Bleeding Kansas

An excerpt from Lydia Maria Child’s dramatic retelling of the attack on Lawrence, Kansas.

Document Text

On the 21st of May, 1856, Lawrence was “wiped out.” Companies of Ruffians encamped around it; a furious tipsy crew, in motley garments. One band carried a banner with a tiger ready to spring; the motto, “You Yankees tremble! and abolitionists fall?” Another carried a flag marked, “South Carolina,” with a crimson star in the centre the motto, “Southern Rights.” Over Mount Oread floated a blood-red pirate flag, fit emblem of the Border Ruffians; and by its side, a suitable companion for it now, floated the United States flag. What cared New England that her six stars were there, in shameful “Union” with that blood-red flag?
President Pierce issued a proclamation, which made it treason for the citizens to defend themselves. The best and truest men were arrested and imprisoned as traitors, because they had no respect for the laws passed upon them by a Missouri rabble, with bowie-knives and revolvers.
The printing-press was broken in pieces; the types scattered; the Free State Hotel demolished; General Robinson’s house, with its valuable library, burned to the ground; and many of the cabins set on fire. No time was allowed to remove any thing from the dwellings. Trunks and bureaus were ransacked; daguerreotypes and pictures of dear home friends were cut and smashed; and letters scattered and trampled in the mud. The women and children had been ordered out, at the commencement of these outrages. Mothers were weeping, as they fled across the prairies, and the poor bewildered little ones were screaming and crying in every direction.
What cared New England that her six stars were looking down upon the scene, in shameful “Union” with that blood-red flag?
Above the noise of tumbling stones, and crackling roofs, and screaming children, rose that horrid yell of the Border Ruffians. “Damn the Yankees!” “Give ’em hell!”
A figure, tall as Ajax, loomed up above the savage crowd, calling out, “I’m down on all sich fixens. Allers tole yer ’twas darned mean to come over into the Territory an vote for these fellers. I’m pro-slave myself. I’d like to see him that dar’d to call me an abolitionist; but I tell yer what, boys, this ere’s cuttin up a little too high.” He was interrupted with shouts of, “Hold your jaw!” “Shut up! you damned ole fool!” Still he remonstrated: “This is a breakin down the rights o’ American citizens. You might jist as well smash my ole woman’s bureau. Them ar traps are personal property. I’m down on all sich fixens.”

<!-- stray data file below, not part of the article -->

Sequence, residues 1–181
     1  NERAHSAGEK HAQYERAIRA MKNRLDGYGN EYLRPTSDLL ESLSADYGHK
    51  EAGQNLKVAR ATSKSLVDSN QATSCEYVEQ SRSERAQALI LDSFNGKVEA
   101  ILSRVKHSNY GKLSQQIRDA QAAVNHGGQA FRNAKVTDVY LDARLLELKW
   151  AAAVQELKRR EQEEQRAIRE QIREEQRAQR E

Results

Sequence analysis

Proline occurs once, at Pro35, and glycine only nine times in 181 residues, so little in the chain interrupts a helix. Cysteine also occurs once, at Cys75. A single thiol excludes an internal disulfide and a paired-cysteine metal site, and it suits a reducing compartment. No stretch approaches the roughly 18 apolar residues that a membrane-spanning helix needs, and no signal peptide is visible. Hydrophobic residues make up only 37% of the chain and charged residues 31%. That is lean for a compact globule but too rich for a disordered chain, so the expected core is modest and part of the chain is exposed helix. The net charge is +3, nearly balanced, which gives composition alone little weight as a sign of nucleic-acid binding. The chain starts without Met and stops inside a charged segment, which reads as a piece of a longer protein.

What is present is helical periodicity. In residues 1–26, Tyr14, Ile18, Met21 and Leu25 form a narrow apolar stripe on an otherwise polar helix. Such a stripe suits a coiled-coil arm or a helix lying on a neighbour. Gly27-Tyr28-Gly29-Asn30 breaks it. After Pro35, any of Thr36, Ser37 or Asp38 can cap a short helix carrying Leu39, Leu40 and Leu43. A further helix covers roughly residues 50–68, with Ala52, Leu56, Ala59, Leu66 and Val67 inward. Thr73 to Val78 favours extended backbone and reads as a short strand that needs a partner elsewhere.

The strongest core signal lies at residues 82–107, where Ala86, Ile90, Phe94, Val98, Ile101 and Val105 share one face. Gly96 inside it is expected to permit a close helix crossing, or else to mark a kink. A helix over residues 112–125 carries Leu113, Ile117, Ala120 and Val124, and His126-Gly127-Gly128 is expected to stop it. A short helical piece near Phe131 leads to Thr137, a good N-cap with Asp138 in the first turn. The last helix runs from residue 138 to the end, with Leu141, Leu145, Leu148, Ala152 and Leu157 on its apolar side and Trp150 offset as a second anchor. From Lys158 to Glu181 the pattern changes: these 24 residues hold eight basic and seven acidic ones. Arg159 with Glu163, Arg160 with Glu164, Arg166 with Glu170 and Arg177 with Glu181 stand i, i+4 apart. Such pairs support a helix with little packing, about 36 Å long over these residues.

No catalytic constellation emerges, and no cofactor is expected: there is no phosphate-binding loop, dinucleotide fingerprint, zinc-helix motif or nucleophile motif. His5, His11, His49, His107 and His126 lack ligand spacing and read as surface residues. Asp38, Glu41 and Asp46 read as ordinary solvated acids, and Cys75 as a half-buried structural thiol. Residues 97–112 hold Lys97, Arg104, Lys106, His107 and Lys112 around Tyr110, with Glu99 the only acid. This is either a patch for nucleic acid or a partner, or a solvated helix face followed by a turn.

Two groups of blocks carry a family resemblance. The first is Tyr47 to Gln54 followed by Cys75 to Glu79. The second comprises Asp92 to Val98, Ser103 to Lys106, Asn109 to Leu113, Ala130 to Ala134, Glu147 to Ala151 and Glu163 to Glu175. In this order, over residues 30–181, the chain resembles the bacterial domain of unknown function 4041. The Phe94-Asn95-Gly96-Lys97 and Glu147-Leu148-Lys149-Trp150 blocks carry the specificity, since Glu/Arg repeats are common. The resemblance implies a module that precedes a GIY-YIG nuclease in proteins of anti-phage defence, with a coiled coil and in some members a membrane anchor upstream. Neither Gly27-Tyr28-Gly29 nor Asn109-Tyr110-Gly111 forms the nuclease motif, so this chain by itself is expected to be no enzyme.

“Pitch into him!” cried the rabble; and they did “pitch into him,” amid yells and laughter. Tom Thorpe was silenced. He learned the uselessness of trying to moderate slavery, or ameliorate murder.
Katie’s first care had been to consign little Johnny to her brother; and the next was to place the helpless Alice in her mother’s arms, to be conveyed to a hut half a mile off. Then she held a hurried conference with her husband about a suitable place to conceal some fire-arms for future use; and snatching up a box of letters and small valuables, she fled with Flora, pistol in hand. When Alice had been cared for, as well as the exigencies of the moment would permit, she ran back to aid some of her sickly neighbours, who were breaking down with the weight of their clinging children. Then, swift as an ostrich, the daring woman ran back to Lawrence, to pick up some of the scattered clothes and bedding, which her husband and his neighbours carried off as fast as she could heap it on their shoulders. The Ruffians were so busy with the printing-press and the Hotel, and she watched opportunities so cautiously, that she had rescued many things from the wreck, before they noticed her. They drove her off with oaths and ribald jests. She stood within sight of her blazing home, and her hand was on her pistol. The temptation was strong. But she remembered the oft-repeated words of General Robinson: “Act only on the defensive. Make no aggressions. Keep the cause of Kansas sacred.” She only turned upon her pursuers to say, “You think you have silenced the Herald of Freedom, because you have demolished the printing-press; but you are mistaken. That trumpet will sound across the prairies yet.”